FACTBOX: Facts about conflict in Pakistan's Swat
(Reuters) - Pakistani soldiers closed in on Tuesday on a Taliban headquarters in Swat, the military said, as the United Nations called for help for hundreds of thousands of people displaced by the fighting.
The offensive in Swat, 130 km (80 miles) northwest of Islamabad, is seen as a test of the government's commitment to face up to a growing Taliban insurgency and comes after the United States accused it of "abdicating" to the militants.
Here are some facts about Swat and the insurgency there.
* Swat is not on the Afghan border but Western countries with troops in Afghanistan fear the area could turn into a bastion for Taliban militants fighting in both Afghanistan and Pakistan and for al Qaeda.
* Islamist militancy emerged in Swat, an alpine beauty spot and former tourism favorite, in the 1990s when cleric Sufi Mohammad took up arms to impose sharia law there and in neighboring areas of the Malakand region.
* Mohammad was arrested after he returned to Pakistan having led thousands of fighters to Afghanistan in 2001 in a vain attempt to help the Taliban resist U.S.-backed forces.
* Pakistani authorities released him in 2008 in a bid to defuse another uprising, led by his son-in-law, Fazlullah, who has ties with other Pakistani Taliban factions and al Qaeda.
* Fazlullah called his men to arms after a military assault on the Red Mosque in Islamabad in mid-2007 to put down an armed movement seeking to impose Islamic law. Fazlullah used illegal FM radio to propagate his message and became known as Mullah Radio.
* The army deployed troops in Swat in October 2007 and used artillery and gunship helicopters to reassert control. But insecurity mounted after a civilian government came to power last year and tried to reach a negotiated settlement.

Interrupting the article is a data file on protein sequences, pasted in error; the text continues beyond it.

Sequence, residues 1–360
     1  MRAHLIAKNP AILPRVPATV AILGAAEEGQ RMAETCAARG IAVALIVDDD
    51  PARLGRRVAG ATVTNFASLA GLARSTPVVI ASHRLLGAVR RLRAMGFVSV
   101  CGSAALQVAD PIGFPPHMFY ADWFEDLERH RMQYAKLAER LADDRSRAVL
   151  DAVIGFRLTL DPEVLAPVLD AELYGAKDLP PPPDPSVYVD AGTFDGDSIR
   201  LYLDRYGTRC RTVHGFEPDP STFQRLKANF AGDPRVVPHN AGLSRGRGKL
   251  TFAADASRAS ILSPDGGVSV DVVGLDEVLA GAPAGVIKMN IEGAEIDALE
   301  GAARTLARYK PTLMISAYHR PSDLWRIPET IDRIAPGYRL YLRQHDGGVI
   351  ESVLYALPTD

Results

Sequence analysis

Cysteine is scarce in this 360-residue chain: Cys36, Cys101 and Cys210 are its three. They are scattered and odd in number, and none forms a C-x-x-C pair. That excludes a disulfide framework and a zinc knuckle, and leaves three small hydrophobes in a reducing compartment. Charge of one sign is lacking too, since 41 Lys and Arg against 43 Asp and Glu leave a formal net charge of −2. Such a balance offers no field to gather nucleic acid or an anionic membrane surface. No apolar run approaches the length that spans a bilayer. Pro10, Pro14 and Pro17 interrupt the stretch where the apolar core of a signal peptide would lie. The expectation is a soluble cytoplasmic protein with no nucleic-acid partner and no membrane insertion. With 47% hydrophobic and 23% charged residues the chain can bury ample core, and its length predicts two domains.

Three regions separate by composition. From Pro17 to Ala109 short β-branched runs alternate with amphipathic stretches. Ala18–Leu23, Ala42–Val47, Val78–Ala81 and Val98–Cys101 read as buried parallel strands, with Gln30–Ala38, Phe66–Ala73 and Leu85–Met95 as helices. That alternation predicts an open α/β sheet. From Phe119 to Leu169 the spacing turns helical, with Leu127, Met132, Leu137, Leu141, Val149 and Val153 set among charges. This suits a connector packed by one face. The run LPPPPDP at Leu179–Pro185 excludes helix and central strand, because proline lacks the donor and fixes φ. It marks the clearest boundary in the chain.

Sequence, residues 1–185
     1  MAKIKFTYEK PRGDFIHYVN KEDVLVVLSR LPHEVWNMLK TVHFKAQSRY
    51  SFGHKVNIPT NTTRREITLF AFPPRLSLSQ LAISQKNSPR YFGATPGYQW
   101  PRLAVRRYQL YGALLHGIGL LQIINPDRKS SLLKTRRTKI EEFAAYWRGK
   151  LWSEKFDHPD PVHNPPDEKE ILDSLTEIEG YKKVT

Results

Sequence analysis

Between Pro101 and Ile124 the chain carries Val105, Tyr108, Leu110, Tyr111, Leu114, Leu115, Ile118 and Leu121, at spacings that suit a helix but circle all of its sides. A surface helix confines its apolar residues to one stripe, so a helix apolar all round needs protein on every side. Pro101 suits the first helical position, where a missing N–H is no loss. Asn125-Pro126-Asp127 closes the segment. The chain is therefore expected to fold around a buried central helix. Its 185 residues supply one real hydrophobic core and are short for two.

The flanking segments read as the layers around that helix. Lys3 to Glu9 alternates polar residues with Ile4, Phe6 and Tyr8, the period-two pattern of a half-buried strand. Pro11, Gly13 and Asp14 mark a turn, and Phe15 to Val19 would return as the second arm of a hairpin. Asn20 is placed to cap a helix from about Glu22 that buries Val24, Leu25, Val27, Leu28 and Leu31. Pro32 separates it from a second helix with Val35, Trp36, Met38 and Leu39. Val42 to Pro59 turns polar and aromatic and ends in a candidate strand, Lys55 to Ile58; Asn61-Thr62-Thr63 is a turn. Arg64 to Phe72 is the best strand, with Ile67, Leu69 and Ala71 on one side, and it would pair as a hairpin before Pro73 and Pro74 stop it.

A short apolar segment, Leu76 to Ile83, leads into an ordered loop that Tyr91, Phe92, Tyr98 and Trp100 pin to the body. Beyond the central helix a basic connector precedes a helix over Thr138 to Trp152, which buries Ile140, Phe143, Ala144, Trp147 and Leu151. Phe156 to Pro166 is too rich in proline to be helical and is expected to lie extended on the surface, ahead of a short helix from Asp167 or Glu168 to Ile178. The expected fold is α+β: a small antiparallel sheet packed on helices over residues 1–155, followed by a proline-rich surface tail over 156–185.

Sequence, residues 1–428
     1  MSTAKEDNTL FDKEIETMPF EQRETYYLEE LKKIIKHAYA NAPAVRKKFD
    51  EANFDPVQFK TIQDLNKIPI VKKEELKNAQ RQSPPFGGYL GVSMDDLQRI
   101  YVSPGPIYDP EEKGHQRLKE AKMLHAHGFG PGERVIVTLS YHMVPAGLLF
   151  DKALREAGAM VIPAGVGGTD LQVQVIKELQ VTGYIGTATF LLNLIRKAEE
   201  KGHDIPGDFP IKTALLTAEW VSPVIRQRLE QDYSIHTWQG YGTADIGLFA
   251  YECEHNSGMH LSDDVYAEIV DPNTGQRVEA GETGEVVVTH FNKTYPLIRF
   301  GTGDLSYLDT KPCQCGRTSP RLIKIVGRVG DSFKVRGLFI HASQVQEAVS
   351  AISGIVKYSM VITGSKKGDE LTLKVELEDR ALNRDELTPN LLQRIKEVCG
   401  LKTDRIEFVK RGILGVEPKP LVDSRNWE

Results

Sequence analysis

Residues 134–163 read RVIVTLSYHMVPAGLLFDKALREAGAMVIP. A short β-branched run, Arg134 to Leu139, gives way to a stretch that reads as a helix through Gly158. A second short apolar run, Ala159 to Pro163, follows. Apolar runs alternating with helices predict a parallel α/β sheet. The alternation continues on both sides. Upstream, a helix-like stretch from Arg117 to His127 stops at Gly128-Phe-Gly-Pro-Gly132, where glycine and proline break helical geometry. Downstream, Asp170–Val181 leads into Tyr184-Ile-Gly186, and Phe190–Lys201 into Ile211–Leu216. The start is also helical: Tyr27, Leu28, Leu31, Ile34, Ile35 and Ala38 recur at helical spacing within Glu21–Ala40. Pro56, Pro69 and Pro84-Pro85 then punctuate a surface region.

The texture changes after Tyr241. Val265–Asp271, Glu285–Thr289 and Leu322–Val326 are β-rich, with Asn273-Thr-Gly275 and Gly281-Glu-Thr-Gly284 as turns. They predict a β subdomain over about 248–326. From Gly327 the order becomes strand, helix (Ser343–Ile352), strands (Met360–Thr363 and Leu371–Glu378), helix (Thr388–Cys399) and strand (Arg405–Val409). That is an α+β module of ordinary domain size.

* A peace accord fell apart in May 2008. After that hundreds, including soldiers, militants and civilians, died in battles.
* Militants gained control of almost the entire valley and unleashed a reign of terror, killing and beheading politicians, singers, soldiers and opponents. They banned female education and destroyed nearly 200 girls' schools.
* Pakistan offered in February to introduce Islamic law in Swat and nearby areas in a bid to take the steam out of the insurgency. The militants announced a ceasefire after the army said it was halting operations. President Asif Ali Zardari signed a regulation imposing Islamic law in the area last month.
* But the Taliban refused to give up their guns and pushed into Buner, only 100 km (60 miles) northwest of Islamabad, and another district adjacent to Swat.
* Amid mounting concern at home and abroad, security forces launched an offensive to expel militants from Buner and another district near Swat on April 26.
* Taliban seized government buildings in Mingora, the main town in Swat, and the military began attacking them.
* Last Thursday, the prime minister directed the military "to eliminate the militants and terrorists" and the army stepped up its attacks the next day.
* Interior Ministry chief Rehman Malik said on Monday 700 Taliban and 20 soldiers had been killed. Most reporters have left Swat and there was no independent confirmation of that estimate of militant casualties, which was higher than figures provided by the military.
(Editing by Robert Birsel)
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